First off, I want to discuss that this is another one of those “theme albums” that you have heard so much about. I must admit, I have a soft spot for theme albums, but I am always quite skeptical. Most theme albums turn out to be boing, cheesy, cliche, etc. There are but few theme albums that turn out great [Leviathan by Mastodon is a shining example of this, themed after Moby Dick]. Into Eternity’s newest album really is none of these. It is tough to think of a metal album as a theme album if it’s theme is death, disease, etc. as this album’s theme is supposed to be. Quoting an interview with blabbermouth.net, “The incurable Tragedy was inspired by the deaths of [Tim] Roth’s two best friends, brothers who succumbed to cancer within two months of one another.” While I am not trying to take away anything from the fact that this indeed is a theme album, it would really not be too far-fetched to say that this deals with pretty normal subject matter for the genre they are in.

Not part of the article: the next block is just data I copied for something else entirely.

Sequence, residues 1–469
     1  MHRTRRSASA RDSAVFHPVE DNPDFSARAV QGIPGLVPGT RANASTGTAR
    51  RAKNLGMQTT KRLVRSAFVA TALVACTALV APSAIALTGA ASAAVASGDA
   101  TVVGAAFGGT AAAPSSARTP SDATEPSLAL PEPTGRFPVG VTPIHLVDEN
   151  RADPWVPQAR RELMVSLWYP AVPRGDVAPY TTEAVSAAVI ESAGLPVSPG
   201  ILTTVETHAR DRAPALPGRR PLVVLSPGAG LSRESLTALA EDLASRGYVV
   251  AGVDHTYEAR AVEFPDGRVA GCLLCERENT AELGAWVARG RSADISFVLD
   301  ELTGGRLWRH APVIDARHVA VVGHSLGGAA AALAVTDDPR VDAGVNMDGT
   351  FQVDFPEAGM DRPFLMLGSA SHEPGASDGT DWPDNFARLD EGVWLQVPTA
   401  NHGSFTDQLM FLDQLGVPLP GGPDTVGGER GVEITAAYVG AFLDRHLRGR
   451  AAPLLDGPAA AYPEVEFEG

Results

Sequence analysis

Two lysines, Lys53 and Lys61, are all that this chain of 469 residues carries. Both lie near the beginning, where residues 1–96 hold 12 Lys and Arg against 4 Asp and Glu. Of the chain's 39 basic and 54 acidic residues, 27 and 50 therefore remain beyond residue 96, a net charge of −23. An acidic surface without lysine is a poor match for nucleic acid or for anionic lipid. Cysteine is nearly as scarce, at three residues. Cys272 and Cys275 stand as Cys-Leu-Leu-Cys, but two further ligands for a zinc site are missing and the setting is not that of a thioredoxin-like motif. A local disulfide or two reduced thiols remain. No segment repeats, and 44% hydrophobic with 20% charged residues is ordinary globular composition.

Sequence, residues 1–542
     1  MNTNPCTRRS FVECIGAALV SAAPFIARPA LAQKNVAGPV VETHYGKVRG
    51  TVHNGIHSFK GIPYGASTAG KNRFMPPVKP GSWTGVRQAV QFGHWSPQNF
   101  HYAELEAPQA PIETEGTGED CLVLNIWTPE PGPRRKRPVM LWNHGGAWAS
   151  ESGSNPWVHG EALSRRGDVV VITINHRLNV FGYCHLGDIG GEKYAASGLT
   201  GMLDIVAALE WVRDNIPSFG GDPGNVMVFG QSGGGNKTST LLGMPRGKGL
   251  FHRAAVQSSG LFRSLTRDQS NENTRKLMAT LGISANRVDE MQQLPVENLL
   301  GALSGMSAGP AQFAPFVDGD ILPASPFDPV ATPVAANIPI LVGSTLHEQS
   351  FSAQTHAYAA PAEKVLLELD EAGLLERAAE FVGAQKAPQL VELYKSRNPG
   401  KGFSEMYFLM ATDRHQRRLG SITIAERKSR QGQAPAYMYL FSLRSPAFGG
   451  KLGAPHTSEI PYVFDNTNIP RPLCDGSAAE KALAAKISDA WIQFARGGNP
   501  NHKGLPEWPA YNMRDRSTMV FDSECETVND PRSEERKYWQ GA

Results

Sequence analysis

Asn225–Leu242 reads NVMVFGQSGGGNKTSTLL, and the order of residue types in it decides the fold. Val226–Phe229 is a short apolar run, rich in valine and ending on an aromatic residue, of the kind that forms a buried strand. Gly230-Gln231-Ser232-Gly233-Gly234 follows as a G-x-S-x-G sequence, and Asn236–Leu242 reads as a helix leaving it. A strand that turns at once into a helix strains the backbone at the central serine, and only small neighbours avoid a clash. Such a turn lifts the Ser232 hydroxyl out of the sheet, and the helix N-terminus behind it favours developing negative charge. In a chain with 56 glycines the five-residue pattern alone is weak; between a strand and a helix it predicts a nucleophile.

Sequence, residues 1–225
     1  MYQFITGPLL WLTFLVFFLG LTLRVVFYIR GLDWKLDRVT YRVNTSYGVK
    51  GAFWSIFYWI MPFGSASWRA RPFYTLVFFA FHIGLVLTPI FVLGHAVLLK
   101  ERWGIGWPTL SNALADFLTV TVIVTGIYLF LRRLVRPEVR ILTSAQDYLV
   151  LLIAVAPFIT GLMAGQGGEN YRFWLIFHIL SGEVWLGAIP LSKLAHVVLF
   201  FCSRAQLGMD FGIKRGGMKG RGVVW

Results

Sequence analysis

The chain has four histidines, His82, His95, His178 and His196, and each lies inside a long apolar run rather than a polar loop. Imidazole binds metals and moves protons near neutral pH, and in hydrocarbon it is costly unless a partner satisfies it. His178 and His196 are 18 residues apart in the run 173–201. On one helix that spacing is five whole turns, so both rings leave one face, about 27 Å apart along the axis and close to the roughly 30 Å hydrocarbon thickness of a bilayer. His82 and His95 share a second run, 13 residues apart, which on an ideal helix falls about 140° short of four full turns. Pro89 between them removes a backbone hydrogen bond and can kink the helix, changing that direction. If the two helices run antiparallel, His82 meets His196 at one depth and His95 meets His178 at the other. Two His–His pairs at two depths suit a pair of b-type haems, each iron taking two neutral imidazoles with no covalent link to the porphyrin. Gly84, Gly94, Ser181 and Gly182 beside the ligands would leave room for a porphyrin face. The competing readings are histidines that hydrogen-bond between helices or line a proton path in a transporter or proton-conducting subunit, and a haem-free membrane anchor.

The second thing to address, and easily the most noticeable, is the incredible musicianship on this album. As always, Into Eternity delivers on all fronts as far as performance goes. All those long years (about 11 years now) of constant touring has really paid off in this department for the band. Each performance only gets better. Roth’s guitar work is above and beyond, and the vocals, as always, are enormous. Arguably the best vocals in the business are found in Into Eternity’s music (check out Stu Block’s wail, and tell me it doesn’t blow you away – you won’t, unless you’re lying of course). The new addition to the overwhelming musicianship are the interludes found on this album that were in very short supply on previous efforts, these interludes being the “Incurable Tragedy” series. THese are very ballad-like songs that follow the same general melody, then the weepy guitar chimes in, followed by the big vocals. These interludes are the emotion that this album needs to keep the “theme” in tact. Overall, the instrumentation is over the top and out of control in most cases. They tug on the reigns here and there just a little to keep the whole thing from just plain running away from them.